• realise best value through improvements in the quality and flow of information and greater coordination of records and storage systems;
    • support core University functions, teaching and research, providing evidence of conduct and the appropriate maintenance of associated tools, resources and outputs;
    • meet legislative, regulatory, funding and ethical requirements;
    • deliver services to staff and stakeholders in a consistent and equitable manner;
    • assist and document policy formation and managerial decision making;
    • provide continuity in the event of a disaster;
    • protect the interests of the organisation and the rights of employees, clients, students, research participants and present and future stakeholders;
    • equip and support researchers to be adaptable and flexible in an increasingly diverse, mobile and global research environment; and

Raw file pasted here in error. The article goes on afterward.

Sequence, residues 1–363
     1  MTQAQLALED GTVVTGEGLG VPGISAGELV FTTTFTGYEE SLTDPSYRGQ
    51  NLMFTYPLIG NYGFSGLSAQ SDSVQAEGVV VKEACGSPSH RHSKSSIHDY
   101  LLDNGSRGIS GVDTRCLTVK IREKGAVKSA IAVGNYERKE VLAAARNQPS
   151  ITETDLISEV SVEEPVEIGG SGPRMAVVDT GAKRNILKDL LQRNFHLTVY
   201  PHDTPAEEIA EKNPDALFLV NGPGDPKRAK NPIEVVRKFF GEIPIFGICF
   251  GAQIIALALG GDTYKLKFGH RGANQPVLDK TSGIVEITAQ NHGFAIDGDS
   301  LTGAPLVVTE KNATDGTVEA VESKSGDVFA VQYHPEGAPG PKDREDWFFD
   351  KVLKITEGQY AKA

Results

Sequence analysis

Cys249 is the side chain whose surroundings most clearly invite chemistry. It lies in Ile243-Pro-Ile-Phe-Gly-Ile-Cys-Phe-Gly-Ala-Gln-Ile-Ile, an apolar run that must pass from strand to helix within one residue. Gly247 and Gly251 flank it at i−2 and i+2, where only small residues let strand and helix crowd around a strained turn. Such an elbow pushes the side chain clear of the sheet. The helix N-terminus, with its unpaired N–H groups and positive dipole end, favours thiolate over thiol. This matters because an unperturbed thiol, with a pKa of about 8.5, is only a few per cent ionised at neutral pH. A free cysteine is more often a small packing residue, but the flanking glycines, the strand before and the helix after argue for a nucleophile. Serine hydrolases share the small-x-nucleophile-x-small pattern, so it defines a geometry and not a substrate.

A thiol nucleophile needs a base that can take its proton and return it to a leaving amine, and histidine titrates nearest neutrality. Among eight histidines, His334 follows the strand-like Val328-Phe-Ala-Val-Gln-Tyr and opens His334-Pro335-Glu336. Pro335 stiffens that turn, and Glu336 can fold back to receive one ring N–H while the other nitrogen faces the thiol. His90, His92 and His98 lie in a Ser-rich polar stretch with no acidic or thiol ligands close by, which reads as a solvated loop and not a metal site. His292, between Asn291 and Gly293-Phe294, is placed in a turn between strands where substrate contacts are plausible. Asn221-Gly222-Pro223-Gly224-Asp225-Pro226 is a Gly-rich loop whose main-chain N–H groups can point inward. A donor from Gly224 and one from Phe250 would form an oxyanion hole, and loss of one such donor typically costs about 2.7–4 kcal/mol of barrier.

• establish an institutional and cultural identity and maintain a corporate memory.

3 IRM responsibilities

3.1 The University has a corporate responsibility to maintain its information and records and its record-keeping systems in accordance with the regulatory environment. For this reason the member of the University’s senior management with overall responsibility for the Information and Records Management policy is the Registrar and Secretary.

3.2 The University’s Information and Records Manager, based in Corporate and Information Services, is responsible for defining policy, for drawing up guidance for good information and records management practice. The Information and Records Manager provides advice on data and records management issues and the selection of records as archives.

3.3 Heads of Departments, Principal Investigators, and all those who lead a team of staff in an organisational unit, programme or project, have overall responsibility, as ‘data owners’, for supporting the management of records generated by their department’s/team’s activities, and should ensure that:

  • adequate records are kept of the activities for which they are accountable,